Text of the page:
Godfrey Hounsfield

About Godfrey Hounsfield

Who is it?: Developer of X-ray computed tomography
Birth Day: August 28, 1919
Birth Place: Newark-on-Trent, United Kingdom, British
Died On: 12 August 2004(2004-08-12) (aged 84)\nKingston upon Thames, Surrey, England, U.K.
Birth Sign: Virgo
Known for: X-ray computed tomography (CT) Hounsfield scale
Awards: FRS (1975) Duddell Medal and Prize (1976) Mullard Award (1977) Nobel Prize for Physiology or Medicine (1979)
Fields: Electrical engineer

Godfrey Hounsfield Net Worth

Godfrey Hounsfield was bornon August 28, 1919 in Newark-on-Trent, United Kingdom, British, is Developer of X-ray computed tomography. Sir Godfrey Newbold Hounsfield was an electrical engineer from England who was one of the co-recipients of the 1979 Nobel Prize for Physiology or Medicine. He pioneered the designing of the CT scanner, thereby creating a mark in the history of radiology. He was the joint recipient of the 1979 Nobel Prize for Physiology or Medicine. Godfrey Hounsfield studied the basics of radar and electronics while serving at the Royal Air Force during World War II. He later obtained a Diploma from the Faraday House Electrical Engineering College and joined EMI Ltd to pursue research. He guided the design team to build Britain’s initial all-transistor computer, named the EMIDEC 110. He later shifted to work at the EMI Central Research Laboratories. While working here he developed the idea of computerized tomography scan. He introduced this novel concept of medical imaging that was painless, fast and made effective use of the permitted X ray dose. He shared the 1979 Nobel Prize for Physiology or Medicine with physicist Allan McLeod Cormack ‘for the development of computer assisted tomography’. He later went on to develop the first whole body scanner. Post his retirement, he focused on studying concepts like nuclear magnetic resonance and diagnostic imaging.
Godfrey Hounsfield is a member of Engineers

💰 Net worth: Under Review

Some Godfrey Hounsfield images

Awards and nominations:

In 1979, Hounsfield and Cormack received the Nobel Prize in Physiology or Medicine.

Hounsfield received numerous awards in addition to the Nobel Prize. He was appointed Commander of the Order of the British Empire in 1976 and knighted in 1981.

Hounsfield was elected a Fellow of the Royal Society (FRS) in 1975. In 1974, he received the Wilhelm Exner Medal. He was awarded the Howard N. Potts Medal in 1977.

Biography/Timeline

1890

Shortly before World War II, he joined the Royal Air Force as a volunteer reservist where he learned the basics of electronics and radar. After the war, he attended Faraday House Electrical Engineering College in London, graduating with the DFH (Diploma of Faraday House). Faraday House was a specialist Electrical Engineering college that provided university level education and was established in 1890, before the advent of most university engineering departments. Faraday House pioneered the use of sandwich courses, combining practical experience with theoretical study.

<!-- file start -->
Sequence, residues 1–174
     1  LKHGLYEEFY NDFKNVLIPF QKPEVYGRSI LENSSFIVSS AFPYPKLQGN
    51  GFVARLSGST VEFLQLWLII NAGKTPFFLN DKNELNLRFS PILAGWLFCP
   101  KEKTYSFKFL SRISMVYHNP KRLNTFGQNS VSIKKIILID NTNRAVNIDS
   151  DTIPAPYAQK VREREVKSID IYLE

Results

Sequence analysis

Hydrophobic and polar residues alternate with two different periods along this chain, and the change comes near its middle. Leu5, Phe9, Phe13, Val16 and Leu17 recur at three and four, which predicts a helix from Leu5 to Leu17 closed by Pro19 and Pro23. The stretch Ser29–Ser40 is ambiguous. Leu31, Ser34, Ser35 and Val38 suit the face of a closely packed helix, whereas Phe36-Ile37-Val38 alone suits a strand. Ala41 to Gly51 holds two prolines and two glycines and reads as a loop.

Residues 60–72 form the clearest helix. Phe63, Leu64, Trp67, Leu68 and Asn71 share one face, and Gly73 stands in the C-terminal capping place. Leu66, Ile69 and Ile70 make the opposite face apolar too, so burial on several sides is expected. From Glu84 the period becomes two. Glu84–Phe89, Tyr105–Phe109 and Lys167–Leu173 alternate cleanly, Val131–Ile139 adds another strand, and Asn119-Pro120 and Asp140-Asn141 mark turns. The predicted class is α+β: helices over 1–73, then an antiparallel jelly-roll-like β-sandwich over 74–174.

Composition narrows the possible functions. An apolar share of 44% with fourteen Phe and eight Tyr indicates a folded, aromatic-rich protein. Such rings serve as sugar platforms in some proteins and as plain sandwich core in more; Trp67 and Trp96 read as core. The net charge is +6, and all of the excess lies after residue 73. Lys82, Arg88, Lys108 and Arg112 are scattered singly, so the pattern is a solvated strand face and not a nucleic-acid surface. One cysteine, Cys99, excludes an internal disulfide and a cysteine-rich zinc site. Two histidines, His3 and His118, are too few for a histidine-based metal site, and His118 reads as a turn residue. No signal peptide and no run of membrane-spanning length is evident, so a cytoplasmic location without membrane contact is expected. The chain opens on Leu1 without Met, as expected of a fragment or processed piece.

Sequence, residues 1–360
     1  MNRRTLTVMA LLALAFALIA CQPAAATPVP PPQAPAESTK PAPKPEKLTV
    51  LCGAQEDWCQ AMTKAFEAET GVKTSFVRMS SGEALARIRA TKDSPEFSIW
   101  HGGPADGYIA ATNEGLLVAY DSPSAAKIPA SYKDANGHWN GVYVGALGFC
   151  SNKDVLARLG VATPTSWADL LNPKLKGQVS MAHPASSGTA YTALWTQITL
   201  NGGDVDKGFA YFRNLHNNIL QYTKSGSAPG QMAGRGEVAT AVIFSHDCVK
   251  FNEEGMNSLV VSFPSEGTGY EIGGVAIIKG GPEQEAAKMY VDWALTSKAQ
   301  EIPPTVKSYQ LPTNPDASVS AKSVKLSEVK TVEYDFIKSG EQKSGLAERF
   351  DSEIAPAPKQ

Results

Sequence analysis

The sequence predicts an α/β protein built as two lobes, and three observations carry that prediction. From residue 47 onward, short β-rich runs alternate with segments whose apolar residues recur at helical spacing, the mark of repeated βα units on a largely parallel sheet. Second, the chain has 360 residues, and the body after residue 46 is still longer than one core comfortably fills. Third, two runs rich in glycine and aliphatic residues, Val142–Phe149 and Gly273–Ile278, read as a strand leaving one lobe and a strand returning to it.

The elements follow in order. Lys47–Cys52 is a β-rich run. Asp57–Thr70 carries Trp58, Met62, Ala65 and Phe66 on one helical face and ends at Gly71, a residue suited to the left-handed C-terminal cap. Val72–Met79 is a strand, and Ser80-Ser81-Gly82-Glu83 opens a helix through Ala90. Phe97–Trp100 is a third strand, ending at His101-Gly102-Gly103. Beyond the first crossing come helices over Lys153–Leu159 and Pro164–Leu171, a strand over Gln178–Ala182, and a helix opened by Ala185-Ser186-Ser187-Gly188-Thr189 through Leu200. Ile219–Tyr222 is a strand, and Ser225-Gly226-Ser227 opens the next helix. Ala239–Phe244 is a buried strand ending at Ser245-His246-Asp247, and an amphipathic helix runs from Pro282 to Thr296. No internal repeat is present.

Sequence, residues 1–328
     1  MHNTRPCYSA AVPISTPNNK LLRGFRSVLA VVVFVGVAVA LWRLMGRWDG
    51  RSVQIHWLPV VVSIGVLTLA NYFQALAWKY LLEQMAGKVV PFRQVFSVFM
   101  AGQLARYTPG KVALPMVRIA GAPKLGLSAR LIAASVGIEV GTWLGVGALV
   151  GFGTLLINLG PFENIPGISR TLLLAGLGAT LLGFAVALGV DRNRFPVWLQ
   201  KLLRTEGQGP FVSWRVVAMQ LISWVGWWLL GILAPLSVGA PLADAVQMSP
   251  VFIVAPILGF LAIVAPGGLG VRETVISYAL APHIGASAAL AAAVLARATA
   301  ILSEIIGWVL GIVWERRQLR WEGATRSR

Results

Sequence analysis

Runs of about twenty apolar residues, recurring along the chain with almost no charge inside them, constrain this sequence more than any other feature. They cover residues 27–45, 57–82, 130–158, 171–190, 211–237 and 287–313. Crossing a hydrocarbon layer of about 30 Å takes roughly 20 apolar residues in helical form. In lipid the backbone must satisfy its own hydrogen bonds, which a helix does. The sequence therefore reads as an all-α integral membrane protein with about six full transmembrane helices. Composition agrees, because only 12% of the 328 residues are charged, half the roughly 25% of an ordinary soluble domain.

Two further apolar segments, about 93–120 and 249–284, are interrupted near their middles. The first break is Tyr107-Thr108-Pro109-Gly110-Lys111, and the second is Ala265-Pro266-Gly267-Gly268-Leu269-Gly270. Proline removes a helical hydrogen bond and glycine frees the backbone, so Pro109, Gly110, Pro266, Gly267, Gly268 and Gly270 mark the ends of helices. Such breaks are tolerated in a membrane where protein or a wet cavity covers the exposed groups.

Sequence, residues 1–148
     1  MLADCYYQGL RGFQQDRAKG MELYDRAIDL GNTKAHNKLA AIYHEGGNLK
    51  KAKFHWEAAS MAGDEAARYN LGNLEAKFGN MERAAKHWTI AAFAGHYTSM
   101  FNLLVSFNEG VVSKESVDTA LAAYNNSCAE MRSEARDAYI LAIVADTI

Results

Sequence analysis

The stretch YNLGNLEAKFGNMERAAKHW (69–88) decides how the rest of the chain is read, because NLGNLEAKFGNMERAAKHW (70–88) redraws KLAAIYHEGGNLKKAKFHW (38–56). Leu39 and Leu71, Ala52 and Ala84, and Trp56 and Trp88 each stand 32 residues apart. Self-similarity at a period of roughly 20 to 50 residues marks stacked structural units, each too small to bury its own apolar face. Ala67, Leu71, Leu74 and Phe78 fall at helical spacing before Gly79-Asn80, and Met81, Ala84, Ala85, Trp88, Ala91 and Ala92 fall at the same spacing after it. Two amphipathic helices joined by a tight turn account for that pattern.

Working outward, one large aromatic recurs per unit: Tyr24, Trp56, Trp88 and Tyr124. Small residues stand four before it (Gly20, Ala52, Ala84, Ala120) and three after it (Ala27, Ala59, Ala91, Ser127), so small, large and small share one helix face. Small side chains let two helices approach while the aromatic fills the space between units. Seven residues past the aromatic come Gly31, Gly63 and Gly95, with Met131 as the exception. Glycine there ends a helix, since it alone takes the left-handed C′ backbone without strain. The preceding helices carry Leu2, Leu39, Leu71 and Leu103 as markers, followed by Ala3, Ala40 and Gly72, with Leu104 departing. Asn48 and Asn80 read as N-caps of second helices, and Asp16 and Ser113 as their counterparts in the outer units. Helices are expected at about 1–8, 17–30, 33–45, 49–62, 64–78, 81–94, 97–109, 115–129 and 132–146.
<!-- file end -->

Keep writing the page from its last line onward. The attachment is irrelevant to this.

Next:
1919

Hounsfield was born in Sutton-on-Trent (near Newark-on-Trent), Nottinghamshire, England on 28 August 1919. He was the youngest of five children (two brothers, two sisters). As a child he was fascinated by the electrical gadgets and machinery found all over his parents' farm. Between the ages of eleven and eighteen, he tinkered with his own electrical recording machines, launched himself off haystacks with his own home-made glider, and almost killed himself by using water-filled tar barrels and acetylene to see how high they could be waterjet propelled. He attended the Magnus Grammar School (now Magnus Church of England School) in Newark-on-Trent and excelled in physics and arithmetic.

1949

In 1949, Hounsfield began work at EMI, Ltd. in Hayes, Middlesex, where he researched guided weapon systems and radar. Hounsfield incorrectly gave this date as 1951 when he wrote his autobiography which is available on the Nobel Prize website. The correct date is 10 October 1949 as stated in a biography of Hounsfield. At EMI, he became interested in computers and in 1958, he helped design the first commercially available all-transistor computer made in Great Britain: the EMIDEC 1100. Shortly afterwards, he began work on the CT scanner at EMI. He continued to improve CT scanning, introducing a whole-body scanner in 1975, and was senior researcher (and after his retirement in 1984, consultant) to the laboratories.

1971

He then set to work constructing a computer that could take input from X-rays at various angles to create an image of the object in "slices". Applying this idea to the medical field led him to propose what is now known as computed tomography. At the time, Hounsfield was not aware of the work that Cormack had done on the theoretical mathematics for such a device. Hounsfield built a prototype head scanner and tested it first on a preserved human brain, then on a fresh cow brain from a butcher shop, and later on himself. On 1 October 1971, CT scanning was introduced into medical practice with a successful scan on a cerebral cyst patient at Atkinson Morley Hospital in Wimbledon, London, United Kingdom. In 1975, Hounsfield built a whole-body scanner.

1975

Hounsfield was elected a Fellow of the Royal Society (FRS) in 1975. In 1974, he received the Wilhelm Exner Medal. He was awarded the Howard N. Potts Medal in 1977.

1976

Hounsfield received numerous awards in addition to the Nobel Prize. He was appointed Commander of the Order of the British Empire in 1976 and knighted in 1981.

1979

In 1979, Hounsfield and Cormack received the Nobel Prize in Physiology or Medicine.